Abstract: In order to better understand and safeguard Wayang Kulit, the UNESCO-listed art of shadow theatre originated from Indonesia, a comprehensive research is necessary. In this paper we demonstrate that quantitative digital image analysis is very useful to investigate the puppet shapes in Ngayogyakarta Wayang Kulit. We found that various pairs of physical variables can be used to analyze the puppet shapes: the puppet level of details, the puppet surface area, the puppet perimeter length, and the puppet height. Our results demonstrate that we can classify the different types of puppet characters using the puppet shapes. Moreover, we can also identify which ratio of variables is kept generally constant. Our method can be generally extended to other types of puppet theatres.
Keywords: Wayang Kulit; puppet shapes; quantitative image analysis.
Motion graphic and animation in motifs of Iranian pottery
by Behzad Mohebbi
Abstract: Painted containers have a long history in Iranian art. In reviewing pottery motifs, human and animal motifs are considerable. The drawn motifs of the pottery indicate several moves from a human or animal character, sequence of which cause the viewer to see different forms of motion in a visual plan. This study was based on the theory, in which the designers of these motifs besides paying attention to the beauty of the pottery drawings, have tried to create motion elements of a character in a visual medium and different states; moreover, the theory was aimed to answer these questions: which sense of motion had Iran's artists in visual recording and repeating human animal motifs on pottery? What was the purpose of accomplishing it? Understanding these historical motifs, and determining their direction, can become a rich and supportive resource in Iranian contemporary art - especially animation.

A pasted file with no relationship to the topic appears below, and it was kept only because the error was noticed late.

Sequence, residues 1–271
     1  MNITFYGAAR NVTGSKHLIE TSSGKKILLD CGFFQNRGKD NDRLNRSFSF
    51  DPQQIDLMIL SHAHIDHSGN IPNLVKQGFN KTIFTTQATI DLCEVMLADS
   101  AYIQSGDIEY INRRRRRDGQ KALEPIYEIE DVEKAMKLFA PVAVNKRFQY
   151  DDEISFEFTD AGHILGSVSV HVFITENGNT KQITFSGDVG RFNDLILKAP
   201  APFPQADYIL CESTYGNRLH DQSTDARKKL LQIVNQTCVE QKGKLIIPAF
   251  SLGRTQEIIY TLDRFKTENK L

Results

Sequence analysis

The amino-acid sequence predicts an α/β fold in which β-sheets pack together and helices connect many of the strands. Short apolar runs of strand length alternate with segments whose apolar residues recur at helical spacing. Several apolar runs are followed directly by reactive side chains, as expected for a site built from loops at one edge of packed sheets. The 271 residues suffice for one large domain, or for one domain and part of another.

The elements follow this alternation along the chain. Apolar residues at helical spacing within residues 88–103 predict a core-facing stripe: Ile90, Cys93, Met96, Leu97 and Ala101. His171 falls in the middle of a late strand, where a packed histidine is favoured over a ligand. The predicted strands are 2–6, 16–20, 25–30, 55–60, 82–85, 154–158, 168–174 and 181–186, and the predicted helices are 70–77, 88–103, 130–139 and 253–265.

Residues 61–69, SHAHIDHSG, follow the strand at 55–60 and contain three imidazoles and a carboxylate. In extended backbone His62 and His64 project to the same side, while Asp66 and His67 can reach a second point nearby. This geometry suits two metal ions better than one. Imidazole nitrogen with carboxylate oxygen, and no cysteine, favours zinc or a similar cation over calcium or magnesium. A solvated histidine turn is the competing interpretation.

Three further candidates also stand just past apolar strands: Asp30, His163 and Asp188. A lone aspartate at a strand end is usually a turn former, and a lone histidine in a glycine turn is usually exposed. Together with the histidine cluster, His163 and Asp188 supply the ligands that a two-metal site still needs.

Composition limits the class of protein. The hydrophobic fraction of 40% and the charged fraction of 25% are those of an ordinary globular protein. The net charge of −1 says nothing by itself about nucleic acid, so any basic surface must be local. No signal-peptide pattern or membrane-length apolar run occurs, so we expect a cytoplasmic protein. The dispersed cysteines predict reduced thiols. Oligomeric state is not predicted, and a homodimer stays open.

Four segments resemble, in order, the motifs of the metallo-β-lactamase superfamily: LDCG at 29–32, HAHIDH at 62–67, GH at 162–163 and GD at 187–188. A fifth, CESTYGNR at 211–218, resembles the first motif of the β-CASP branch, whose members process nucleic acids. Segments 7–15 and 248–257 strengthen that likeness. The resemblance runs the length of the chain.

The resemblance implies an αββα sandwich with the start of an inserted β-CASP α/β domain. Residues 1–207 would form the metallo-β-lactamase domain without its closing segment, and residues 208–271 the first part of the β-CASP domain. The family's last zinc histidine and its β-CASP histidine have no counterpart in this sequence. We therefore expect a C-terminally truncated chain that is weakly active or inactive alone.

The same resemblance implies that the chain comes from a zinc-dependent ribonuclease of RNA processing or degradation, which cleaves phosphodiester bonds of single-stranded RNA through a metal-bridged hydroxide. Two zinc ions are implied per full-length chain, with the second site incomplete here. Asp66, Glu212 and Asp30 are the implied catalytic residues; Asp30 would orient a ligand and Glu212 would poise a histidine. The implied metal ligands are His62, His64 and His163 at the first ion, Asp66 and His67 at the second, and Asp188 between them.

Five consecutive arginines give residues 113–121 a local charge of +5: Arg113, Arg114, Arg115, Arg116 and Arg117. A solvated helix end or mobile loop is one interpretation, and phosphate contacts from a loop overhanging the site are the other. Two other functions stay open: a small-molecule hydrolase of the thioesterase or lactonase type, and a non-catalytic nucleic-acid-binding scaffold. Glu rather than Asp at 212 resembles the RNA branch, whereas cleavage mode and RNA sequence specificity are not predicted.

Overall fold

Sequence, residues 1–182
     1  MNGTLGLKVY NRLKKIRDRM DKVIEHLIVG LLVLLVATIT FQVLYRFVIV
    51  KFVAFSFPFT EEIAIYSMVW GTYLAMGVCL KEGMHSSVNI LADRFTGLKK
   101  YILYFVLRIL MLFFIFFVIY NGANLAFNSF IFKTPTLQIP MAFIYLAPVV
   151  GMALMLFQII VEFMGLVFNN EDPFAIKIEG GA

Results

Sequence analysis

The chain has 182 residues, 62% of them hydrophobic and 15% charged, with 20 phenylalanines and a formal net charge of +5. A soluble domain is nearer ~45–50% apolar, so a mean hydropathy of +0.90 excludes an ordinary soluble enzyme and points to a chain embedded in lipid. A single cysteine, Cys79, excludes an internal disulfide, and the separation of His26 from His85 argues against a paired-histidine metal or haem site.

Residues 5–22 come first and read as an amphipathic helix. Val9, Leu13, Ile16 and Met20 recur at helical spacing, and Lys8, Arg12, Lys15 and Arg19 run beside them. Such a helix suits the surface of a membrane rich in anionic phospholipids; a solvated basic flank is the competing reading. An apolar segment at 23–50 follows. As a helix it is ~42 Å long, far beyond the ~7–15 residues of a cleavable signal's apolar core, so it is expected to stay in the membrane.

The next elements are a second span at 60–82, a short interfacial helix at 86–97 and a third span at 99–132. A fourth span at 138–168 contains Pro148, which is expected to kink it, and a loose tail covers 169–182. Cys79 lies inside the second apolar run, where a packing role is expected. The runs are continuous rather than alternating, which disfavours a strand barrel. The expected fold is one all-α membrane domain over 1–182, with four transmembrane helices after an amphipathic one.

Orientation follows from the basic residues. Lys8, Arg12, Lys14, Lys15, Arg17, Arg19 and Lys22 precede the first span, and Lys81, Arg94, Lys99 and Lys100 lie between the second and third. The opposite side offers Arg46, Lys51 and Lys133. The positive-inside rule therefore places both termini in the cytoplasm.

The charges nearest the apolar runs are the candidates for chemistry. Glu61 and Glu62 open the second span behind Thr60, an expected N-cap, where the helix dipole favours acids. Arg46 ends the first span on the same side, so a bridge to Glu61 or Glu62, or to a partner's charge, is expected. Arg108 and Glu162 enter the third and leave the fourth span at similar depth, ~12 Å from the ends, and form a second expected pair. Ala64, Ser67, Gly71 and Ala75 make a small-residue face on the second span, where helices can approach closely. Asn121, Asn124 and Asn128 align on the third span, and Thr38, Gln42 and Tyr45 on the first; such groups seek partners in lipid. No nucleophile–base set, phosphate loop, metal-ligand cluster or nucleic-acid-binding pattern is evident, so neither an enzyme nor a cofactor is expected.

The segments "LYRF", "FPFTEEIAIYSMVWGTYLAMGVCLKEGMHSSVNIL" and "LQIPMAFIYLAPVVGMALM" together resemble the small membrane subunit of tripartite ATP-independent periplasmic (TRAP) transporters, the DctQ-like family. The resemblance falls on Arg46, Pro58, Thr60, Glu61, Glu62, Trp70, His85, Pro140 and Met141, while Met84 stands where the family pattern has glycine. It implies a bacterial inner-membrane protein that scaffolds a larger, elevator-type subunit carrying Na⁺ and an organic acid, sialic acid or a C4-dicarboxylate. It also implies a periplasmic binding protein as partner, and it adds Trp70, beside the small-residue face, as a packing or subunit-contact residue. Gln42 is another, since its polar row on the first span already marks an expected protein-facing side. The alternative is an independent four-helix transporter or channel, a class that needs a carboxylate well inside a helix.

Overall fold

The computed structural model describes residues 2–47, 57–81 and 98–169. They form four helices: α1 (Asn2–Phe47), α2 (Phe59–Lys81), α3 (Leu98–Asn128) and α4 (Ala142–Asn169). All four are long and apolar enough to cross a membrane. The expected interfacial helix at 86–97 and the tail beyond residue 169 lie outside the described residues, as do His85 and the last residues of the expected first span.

Keywords: pottery; animation; motion graphic; human motifs; animal motifs; Iran.
Audiovisual patterns in Wayang Kulit
by Gea Oswah Fatah Parikesit, Indraswari Kusumaningtyas
Abstract: Wayang Kulit is the UNESCO-listed art of shadow puppetry originated from Indonesia. In this paper we demonstrate that a Wayang Kulit performance can be characterised quantitatively and studied in details by using its audiovisual patterns. We use a video recording of the proof-of-concept performance of 3D Wayang Kulit. We analyse the audiovisual patterns in both the time and the frequency domains. Our results allow for a detailed computerised characterisation of the performances, similar to the computer characterisation of other artworks. On top of that, the characterisation results can also be used to develop the performances into interactive artworks.
Keywords: audio; visual; patterns; time; frequency; Wayang Kulit.
Special Issue on: Extended Arts From Virtual to Real
With objects that speak: the force of interaction in historical African artefacts and contemporary art
by Tegan Bristow
Abstract: A discussion on the role of interactive engagement as event in interactive digital art. The work in question, an exhibition of interactive digital art titled 'Meaning Motion' shown at the Wits Art Museum in Johannesburg. These interactive digital artworks are addressed against a series of traditional African artworks and artefacts that were shown in the museum, their initial alignment having been evoked from an unplanned synergy of forms and interactive mechanisms. Theoretically referencing Stern and Massumi in framing a definition of the implicit or continuous body frames this discussion.
Keywords: interactive art; technology; consciousness; embodiment; digital art; South Africa.